What is the number one driver of data analytics investment? Almost half of the business-to-business (B2B) organisations we put this question to say it’s about competitive advantage. They are hungry for the meaningful insights that underpin effective marketing and product development.
They want to ensure their offering remains relevant to the real needs of buyers. And they fear losing out to data-driven competitors who are geared-up to take advantage of evolving buyer landscapes quickly.
B2B business leaders know their organisations need to adopt a data-driven culture to remain competitive. Yet many struggle to achieve this. Why? It’s partly because their organisations are hindered by departmental data silos and partly because they are overwhelmed by the sheer quantity of data available. The former prevents joined-up thinking and the latter makes it harder to uncover nuggets of insight.
Our research shows that 38% of organisations have difficulty accessing data from different areas of the business. Departments gather pockets of data independently of one another with no established means of knowledge sharing or collaboration. The upshot is that data becomes an amorphous mass of conflicting records: 28% of organisations say they have more data available than is currently used for meaningful analysis.
These problems slow the pace of data analytics, yet the timeframes for critical business decisions are shrinking. Business intelligence users typically have a decision window of 24 hours between realising they need to perform analysis and when they need to act. Almost 80% of BI users we speak to say their decision window has reduced in the past two years. And they report that they only obtain pertinent information on-time in around two out of three cases. That means a third of time-sensitive decisions are based on thin information and raw instinct, rather than robust intelligence.
So what steps can organisations take to streamline and accelerate data analytics?
Data is big and it’s getting bigger. In this context, the only way to ensure the right people get the right data in time for it to make a difference is to create a culture of analytics. This means demystifying the process and bringing it out from behind the IT curtain. Individuals across all departments, from corporate management and finance to sales, marketing and customer service need to become both data creators and data consumers.
Achieving this requires a three-pronged strategy. User-friendly tools need to be introduced so that data can be analysed and visualised with minimal need for coding. Employees at all levels need to undergo training and development so that they embrace the analytics capabilities at their fingertips. And data governance protocols need to be reinforced so that users only access relevant and appropriate information.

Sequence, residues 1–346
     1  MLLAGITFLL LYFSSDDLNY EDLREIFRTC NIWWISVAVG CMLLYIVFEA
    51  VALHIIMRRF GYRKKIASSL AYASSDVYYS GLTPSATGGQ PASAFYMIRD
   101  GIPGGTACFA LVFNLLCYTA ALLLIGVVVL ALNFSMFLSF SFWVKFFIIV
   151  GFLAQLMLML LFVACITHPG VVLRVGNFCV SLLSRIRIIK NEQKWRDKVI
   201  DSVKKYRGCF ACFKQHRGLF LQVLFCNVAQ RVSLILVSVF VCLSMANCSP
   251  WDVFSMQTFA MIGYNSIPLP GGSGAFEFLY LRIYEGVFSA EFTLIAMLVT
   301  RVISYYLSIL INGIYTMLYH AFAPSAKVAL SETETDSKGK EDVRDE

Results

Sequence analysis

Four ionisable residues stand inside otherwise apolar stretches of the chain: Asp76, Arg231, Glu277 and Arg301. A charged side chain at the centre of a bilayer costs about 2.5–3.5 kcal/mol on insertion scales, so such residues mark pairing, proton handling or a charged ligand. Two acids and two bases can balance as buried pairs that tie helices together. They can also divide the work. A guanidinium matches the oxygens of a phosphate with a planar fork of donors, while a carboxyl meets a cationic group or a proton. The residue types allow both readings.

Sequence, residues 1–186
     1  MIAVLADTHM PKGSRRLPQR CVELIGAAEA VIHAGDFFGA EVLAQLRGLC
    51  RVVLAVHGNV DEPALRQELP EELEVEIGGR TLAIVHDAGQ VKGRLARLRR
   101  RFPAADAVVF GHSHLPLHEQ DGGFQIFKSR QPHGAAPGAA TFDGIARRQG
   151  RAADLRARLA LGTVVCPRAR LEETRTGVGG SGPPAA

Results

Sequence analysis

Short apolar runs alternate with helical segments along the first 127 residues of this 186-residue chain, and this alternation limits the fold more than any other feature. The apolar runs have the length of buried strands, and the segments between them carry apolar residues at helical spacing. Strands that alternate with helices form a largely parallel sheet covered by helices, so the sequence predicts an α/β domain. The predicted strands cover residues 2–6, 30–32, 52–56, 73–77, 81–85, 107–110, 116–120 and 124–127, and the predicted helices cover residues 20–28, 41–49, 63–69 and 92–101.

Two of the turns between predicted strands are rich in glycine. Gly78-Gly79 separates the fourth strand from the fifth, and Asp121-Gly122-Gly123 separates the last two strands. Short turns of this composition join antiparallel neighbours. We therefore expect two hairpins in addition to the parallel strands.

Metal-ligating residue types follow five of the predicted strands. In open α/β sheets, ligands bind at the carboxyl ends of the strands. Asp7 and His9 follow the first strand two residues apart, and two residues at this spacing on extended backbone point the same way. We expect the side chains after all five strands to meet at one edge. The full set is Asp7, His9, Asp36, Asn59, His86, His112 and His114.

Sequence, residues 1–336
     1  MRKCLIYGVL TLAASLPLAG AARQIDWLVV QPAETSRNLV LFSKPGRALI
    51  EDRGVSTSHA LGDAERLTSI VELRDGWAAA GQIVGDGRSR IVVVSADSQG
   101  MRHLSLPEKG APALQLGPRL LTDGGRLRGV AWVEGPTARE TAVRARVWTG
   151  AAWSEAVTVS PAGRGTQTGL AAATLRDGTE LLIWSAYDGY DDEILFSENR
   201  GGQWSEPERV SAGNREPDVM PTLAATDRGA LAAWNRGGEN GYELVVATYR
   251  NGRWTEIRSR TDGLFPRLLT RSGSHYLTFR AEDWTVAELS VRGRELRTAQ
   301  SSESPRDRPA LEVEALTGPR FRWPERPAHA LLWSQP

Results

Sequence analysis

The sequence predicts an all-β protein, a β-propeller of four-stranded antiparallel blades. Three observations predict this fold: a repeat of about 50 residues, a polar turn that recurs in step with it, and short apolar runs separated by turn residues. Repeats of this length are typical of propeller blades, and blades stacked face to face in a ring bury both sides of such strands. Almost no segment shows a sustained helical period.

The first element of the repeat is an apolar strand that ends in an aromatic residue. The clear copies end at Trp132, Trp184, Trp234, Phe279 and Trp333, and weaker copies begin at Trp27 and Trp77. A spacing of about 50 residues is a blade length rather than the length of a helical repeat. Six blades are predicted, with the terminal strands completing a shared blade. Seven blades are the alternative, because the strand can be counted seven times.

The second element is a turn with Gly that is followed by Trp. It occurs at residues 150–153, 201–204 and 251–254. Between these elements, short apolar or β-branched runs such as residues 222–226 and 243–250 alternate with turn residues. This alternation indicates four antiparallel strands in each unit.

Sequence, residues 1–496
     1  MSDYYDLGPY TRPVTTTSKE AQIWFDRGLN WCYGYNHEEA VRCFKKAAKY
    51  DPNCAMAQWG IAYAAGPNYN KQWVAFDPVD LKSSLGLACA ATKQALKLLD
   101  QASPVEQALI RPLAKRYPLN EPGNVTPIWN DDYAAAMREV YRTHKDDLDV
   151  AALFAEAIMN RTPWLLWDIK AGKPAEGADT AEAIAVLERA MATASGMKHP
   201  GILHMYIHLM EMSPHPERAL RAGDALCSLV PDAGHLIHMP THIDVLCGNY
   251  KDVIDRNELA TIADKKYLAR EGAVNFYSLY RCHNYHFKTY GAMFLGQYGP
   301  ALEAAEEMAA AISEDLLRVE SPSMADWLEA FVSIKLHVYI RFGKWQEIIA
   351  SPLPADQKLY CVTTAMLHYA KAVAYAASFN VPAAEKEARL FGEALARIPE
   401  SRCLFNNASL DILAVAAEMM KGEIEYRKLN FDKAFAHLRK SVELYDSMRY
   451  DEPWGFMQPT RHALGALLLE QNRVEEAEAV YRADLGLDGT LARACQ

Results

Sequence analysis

Enabling users to access, interrogate and visualise relevant data without reliance on the IT team helps foster more agile analytics. Investment should be geared towards tools and infrastructure that allow users to gather the intelligence they need in a timely fashion.
The data at people’s disposal must be aligned to their job role and they should be properly educated to ensure they can put the tools to work. An open data exchange also needs to be established across departments to break down silos and drive organisational cohesion.
The end goal is to enable decision makers to act more quickly and intelligently. Together, technology investment and ongoing employee development can connect pockets of data and facilitate analytical thinking across the entire business.
Training and education are important of course. But truly data-driven organisations typically benefit from senior analytics champions or evangelists as well. These individuals lead by example, using data-driven decision making on a daily basis and they partner closely with peers in different departments to access a broader scope of business intelligence.
By making a strong case for a continual improvement approach to data analytics, evangelists ensure it becomes faster and easier to uncover high-value actionable insights. An executive team that is fully engaged with business intelligence can quickly become a nucleus of data-driven behaviours that become endemic in the organisation.
Strong data governance
Peeling the red tape off data discovery and encouraging better self-sufficiency is a critical factor in becoming a data-driven business. However, it’s important that the organisation doesn’t become a data Wild West. Compliance and security protocols need to be taken to new heights in a self-service data analytics environment.
Data governance performs two important roles. It prevents individuals accessing data that they shouldn’t, either accidentally or with intent. And it shields them from irrelevant statistical noise and unwieldy reams of data that might overwhelm their analytics efforts.
When data analytics is embraced at a micro and macro level, it can become a powerful driver of competitive advantage. Achieving this depends on an organisational commitment to fast, high quality data. Analytical processes need to be accelerated so that decision makers can access insights more quickly. And they need to be sure that the data is accurate and up to date.
Truly data-driven organisations create a pervasive culture of analytical thinking. They invest in solutions to organise, integrate and improve their data. They empower individuals to implement data analytics with confidence and proactivity. And they understand that being ‘data-driven’ is a journey, not a destination.
(Aberdeen Group has published a free white paper looking at ways to create a culture of data analytics, “The BI tipping point: Achieving an epidemic of analytics”.)